The question is so used now it's thread bare - but we use it still, because, most likely, no one has come up with a more useful answer. Recently I listened in on a roundtable discussion involving representatives from Christian retail stores. The host asked something like, "Is Christian fiction growing up?" The unanimous response was, "Yes!" (oh joy!) followed by a singular punctuating voice that said, "Finally!" (oh dear!)
It made me wonder, "How do they know? By what standard are they measuring this perceived maturation?" I've asked around, and while there is general agreement that the quality of Christian fiction is on the rise, no one could put their finger on any one measurement. And when I stumbled on a possible answer for both the question and the reason no one can point to it, I had to smile.
I smiled because the answer is one of the most difficult things in fiction writing to talk about - subtext.
Subtext is more easily recognized by its absence - oh blah, the story is flat and cliched - than it is by its presence -the words lingered long after I put the book down.
What lingered? The tight writing? The apt similes? The arching metaphor? No, the subtext. Charles Baxter says subtext is ". . . the realm of what haunts the imagination: the implied, the half-visible, and the unspoken." He also uses the phrase, "unspoken soul-matter".
Subtext is created by crafting together elements of story which point to deeper meanings than what is being played out on the page. Elements such as staging, dialogue, description, inflection, irony - yes the very things we use to create plot, we also use to create subtext. And it is wholly intended. It is crafted, meant to be there, lingering below the surface, unexpressed but as solidly present as the characters themselves. They are the invisible threads that hold the story together, make it compelling, and give it meaning.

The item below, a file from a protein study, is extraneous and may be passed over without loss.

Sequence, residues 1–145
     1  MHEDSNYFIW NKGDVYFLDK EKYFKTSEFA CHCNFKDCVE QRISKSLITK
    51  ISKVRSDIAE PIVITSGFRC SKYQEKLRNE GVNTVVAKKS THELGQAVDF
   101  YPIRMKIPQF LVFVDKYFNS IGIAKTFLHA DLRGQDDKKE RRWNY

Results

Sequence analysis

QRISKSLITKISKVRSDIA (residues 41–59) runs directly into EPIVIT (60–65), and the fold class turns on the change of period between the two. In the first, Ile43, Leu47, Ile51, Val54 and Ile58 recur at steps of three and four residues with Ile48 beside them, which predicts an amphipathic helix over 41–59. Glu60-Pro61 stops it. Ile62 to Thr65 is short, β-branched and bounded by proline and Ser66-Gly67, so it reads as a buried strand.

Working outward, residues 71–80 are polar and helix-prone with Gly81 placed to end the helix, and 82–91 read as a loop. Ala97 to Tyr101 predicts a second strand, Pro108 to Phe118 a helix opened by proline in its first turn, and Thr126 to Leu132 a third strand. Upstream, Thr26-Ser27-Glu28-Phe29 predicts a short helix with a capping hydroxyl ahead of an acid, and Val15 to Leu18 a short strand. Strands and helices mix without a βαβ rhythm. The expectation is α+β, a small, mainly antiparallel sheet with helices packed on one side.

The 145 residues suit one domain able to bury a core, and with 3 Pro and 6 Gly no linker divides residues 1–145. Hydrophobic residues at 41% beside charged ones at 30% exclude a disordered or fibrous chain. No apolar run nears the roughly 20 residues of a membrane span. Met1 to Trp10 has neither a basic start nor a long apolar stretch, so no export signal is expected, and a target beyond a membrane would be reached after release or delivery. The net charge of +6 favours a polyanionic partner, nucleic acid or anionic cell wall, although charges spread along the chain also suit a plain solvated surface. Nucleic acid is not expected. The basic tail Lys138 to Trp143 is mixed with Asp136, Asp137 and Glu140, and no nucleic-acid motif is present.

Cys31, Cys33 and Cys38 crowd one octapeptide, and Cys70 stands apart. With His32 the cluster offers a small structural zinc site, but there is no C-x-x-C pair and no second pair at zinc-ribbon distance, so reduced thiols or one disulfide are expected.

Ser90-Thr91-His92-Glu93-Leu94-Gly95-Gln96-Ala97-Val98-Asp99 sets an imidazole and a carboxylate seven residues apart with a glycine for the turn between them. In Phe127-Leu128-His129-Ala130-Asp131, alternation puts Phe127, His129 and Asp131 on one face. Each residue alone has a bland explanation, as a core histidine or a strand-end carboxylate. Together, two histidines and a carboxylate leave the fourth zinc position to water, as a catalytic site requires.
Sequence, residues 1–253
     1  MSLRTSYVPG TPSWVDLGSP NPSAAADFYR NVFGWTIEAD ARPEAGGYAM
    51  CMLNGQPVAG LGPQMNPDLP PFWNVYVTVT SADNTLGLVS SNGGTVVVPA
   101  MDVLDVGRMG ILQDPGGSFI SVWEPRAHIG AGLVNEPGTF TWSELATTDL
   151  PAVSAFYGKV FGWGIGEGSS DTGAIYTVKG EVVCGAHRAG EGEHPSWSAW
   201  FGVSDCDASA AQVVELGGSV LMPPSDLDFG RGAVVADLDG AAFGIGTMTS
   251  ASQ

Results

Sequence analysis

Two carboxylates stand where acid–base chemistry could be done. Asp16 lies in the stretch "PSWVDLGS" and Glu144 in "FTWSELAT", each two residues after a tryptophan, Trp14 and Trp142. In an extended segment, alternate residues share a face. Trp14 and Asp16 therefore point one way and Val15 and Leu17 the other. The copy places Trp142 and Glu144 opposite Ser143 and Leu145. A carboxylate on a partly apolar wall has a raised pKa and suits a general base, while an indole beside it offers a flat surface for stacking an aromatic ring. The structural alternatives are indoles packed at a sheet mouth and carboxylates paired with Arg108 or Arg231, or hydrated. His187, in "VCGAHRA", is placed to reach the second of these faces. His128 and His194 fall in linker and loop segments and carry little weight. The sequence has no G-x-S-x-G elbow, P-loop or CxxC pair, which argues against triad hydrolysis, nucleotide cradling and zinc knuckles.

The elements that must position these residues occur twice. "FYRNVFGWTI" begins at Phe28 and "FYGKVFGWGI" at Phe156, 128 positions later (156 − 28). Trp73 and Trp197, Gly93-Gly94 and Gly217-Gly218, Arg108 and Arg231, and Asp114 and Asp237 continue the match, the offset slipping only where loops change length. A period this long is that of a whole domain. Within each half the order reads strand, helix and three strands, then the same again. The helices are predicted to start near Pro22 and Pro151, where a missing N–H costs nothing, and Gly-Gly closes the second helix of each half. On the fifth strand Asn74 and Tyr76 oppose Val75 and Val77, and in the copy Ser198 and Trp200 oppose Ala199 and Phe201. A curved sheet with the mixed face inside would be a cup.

In Gilead, Marilynne Robinson creates John Ames, a Reverend, elderly and ill who writes to his too young son about his life in hopes of imparting something of himself to the boy who will grow up without his father. Listen to all that is not said here:
"And memory is not strictly mortal in its nature, either. It is a strange thing, after all, to be able to return to a moment when it can hardly be said to have any reality at all, even in its passing. A moment is such a slight thing. I mean, that its abiding is a most gracious reprieve."
The unexpressed yearning in this short passage caused me to lower the book to my lap and stare out the window, thinking for a long time. It made me want to call my children in from the backyard and hold them.
There is a small but growing number of Christian fiction writers who have allowed their theology to move from obvious and stated, to the realm of subtext where - though whispered, and even unspoken, it speaks to the the soul of the reader with great efficacy.
It is difficult to discuss sub-text, but that shouldn't stop us trying. Can you point to a book that has lingered with you - spoken to you in whispers? Can you point to a scene in a book that spoke of something with such clarity without actually speaking of it?
Writers, how have you begun to use subtext in your writing?